In the middle space 31 interposed between the left-hand and right-hand bank portions 2L and 2R is mounted a supercharger 32 of a screw type which is mechanically driven by the force of rotation of the crank shaft 23, as shown in FIG. 1. Over the supercharger 32, there is disposed an intercooler 33. On the other hand, above each of the left-hand and right-hand bank portions 2L and 2R, there is disposed a surge tank 34 extending lengthwise along the crank shaft 23, and the surge tank 34 is connected to the intake ports 9 and 10 for each cylinder 4 through a discrete intake tube 35. As an upstream end of each of the intake ports 9 and 10 in the respective left-hand and right-hand bank portions 2L and 2R is disposed so as to open facing the middle space 31 interposed between the bank portions 2L and 2R, the discrete intake tube 35 is arranged in such a shape as firstly extending transversely from the surge tank 34 toward the central space 31 and then curving downward.

A detailed description will now be made of an intake system 40 for the body 1 of the engine with reference to FIG. 3.

The intake system 40 comprises a common intake tube 41, the left-hand surge tank 34L, the right-hand surge tank 34R, and the discrete intake tube 35, which are disposed in this order from the upstream side toward the downstream side. To the common intake tube 41 are disposed an air cleaner 42, an air flowmeter 43, and a throttle valve 44 in this order from the upstream side toward the downstream side. The common intake tube 41 has a first bypass 45 disposed so as to bypass the throttle valve 44 and a second bypass 46 so as to bypass the supercharger 32 of a screw type.

The first bypass 45 is provided with an ISC valve 47 which in turn can adjust the number of idling rotation in a manner as is known to the art. On the other hand, the second bypass 46 is provided with a relief valve 49 which is driven by an actuator 48 of a diaphragm type. The relief valve 49 is so arranged as to be opened when the pressure charged becomes higher than a predetermined value, thereby opening the second bypass 46. On the other hand, the left-hand surge tank 34L is communicated with the right-hand surge tank 34R through a connecting tube 50 which in turn is provided in its intermediate position with a variable valve 51 for controlling intake air variably, for example, which is arranged so as to be opened and closed in accordance with the number of rotation of the engine, thereby achieving the dynamic effect of intake air over a wide region in a manner as is known to the art.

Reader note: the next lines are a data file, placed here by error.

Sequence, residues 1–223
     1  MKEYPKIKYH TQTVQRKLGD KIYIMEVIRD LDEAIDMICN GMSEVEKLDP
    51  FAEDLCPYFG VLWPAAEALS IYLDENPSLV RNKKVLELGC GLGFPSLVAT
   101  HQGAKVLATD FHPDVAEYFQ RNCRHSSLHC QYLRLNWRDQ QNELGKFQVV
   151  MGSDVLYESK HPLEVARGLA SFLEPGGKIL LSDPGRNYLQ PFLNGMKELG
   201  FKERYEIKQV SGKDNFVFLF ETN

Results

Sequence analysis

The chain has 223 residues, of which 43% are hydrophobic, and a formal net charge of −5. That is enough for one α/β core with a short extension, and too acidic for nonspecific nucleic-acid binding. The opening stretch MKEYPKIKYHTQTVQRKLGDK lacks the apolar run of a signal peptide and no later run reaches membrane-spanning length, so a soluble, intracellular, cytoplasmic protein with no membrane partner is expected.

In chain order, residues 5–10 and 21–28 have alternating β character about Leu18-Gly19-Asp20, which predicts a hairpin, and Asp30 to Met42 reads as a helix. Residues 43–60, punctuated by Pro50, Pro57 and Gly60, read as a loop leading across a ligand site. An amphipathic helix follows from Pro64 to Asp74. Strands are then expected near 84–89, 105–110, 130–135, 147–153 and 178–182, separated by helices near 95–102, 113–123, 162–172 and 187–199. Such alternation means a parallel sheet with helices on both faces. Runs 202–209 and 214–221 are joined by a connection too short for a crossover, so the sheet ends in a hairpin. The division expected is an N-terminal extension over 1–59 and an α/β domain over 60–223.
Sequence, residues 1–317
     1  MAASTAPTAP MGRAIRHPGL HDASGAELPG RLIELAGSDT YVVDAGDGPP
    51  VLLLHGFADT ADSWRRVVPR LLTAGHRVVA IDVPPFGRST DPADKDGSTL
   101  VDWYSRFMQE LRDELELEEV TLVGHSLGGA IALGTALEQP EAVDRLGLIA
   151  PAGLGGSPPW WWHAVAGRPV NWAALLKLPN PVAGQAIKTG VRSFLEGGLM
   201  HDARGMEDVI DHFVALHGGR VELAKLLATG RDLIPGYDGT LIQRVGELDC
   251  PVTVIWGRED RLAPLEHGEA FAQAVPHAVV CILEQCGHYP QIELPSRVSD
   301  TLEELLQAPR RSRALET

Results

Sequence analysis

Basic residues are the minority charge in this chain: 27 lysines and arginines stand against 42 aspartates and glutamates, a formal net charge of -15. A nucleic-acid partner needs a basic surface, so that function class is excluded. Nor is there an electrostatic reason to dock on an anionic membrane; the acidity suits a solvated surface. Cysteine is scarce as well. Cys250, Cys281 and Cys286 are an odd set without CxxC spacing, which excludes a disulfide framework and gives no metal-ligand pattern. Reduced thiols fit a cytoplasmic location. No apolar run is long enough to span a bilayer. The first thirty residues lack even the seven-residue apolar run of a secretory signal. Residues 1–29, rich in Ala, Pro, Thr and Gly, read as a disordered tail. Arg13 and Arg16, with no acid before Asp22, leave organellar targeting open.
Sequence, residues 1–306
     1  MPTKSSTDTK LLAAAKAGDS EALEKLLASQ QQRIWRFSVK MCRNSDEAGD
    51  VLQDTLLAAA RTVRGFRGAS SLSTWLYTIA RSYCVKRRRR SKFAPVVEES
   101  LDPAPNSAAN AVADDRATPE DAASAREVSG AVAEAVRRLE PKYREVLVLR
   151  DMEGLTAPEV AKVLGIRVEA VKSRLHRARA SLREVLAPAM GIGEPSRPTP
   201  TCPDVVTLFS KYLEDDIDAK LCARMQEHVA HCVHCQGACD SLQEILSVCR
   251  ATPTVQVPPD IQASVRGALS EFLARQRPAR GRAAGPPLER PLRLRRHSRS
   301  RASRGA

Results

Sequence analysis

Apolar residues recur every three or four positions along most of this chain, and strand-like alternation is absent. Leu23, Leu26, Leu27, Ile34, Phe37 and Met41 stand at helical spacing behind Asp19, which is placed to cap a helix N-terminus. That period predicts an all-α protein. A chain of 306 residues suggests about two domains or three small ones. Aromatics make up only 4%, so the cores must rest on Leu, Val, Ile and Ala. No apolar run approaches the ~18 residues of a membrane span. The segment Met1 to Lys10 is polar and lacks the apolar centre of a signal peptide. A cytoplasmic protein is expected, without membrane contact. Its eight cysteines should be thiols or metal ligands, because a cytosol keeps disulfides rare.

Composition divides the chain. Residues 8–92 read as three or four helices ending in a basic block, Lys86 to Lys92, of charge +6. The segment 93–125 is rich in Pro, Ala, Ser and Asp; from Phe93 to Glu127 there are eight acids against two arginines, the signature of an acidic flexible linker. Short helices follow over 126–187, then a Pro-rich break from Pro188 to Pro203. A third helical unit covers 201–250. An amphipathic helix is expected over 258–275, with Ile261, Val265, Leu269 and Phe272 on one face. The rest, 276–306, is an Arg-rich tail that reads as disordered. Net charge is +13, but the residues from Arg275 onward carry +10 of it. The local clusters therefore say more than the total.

The discrete intake tube 35 is provided with a partition wall 35a to thereby divide its internal space partially into left-hand and right-hand sections, i.e. a first discrete intake tube 52 and a second discrete intake tube 53. The first discrete intake tube 52 is connected with the first intake port 9, and the second discrete intake tube 53 is connected with the second intake port 10. The second discrete intake tube 53 is so arranged as to be opened or closed with a shutter valve 54 mounted at its upstream end portion. Each of the shutter valves 54L disposed in the left-hand bank portion 2L is connected with a common shaft 55L for the left-hand bank portion 2L, and each of the shutter valves 54R disposed in the right-hand bank portion 2R is connected with a common shaft 55R for the right-hand bank portion 2R. To a shaft end of each of the common shafts 55L and 55R is mounted an actuator (not shown).

A fuel supply system of the body 1 of the engine comprises an upstream injector 56 and a downstream injector 57. The upstream injector 56 is mounted on the immediately upstream side of the supercharger 32 and the downstream injector 57 is mounted in the discrete intake tube 35 so as to face the first intake port 9 and the second intake port 10. In FIG. 3, reference numeral 58 denotes an assist air passage and reference numeral 59 denotes a check valve.

As shown in FIG. 3, an exhaust system 60 of the engine comprises a left-hand exhaust manifold 61L for the left-hand bank portion 2L, a right-hand exhaust manifold 61R for the right-hand bank portion 2R, and a common exhaust tube 62, which are disposed in this order from the upstream side toward the downstream side. The common exhaust tube 62 is provided in its intermediate position with a catalyst (ternary catalyst) converter 63 for cleaning exhaust gases and at its downstream end with a silencer (not shown) in a manner as is known to the art.

The body 1 of the engine has a first outer EGR passage 65 and a second outer EGR passage 66, each of which is made up of an outer tube. A transversely sectional diameter of the first outer EGR passage 65 is smaller than that of the second outer EGR passage 66. The first outer EGR passage 65 is so adapted as to be employed in a low load region, while the second outer EGR passage 66 is so adapted as to be employed in a high load region, as will be described hereinafter.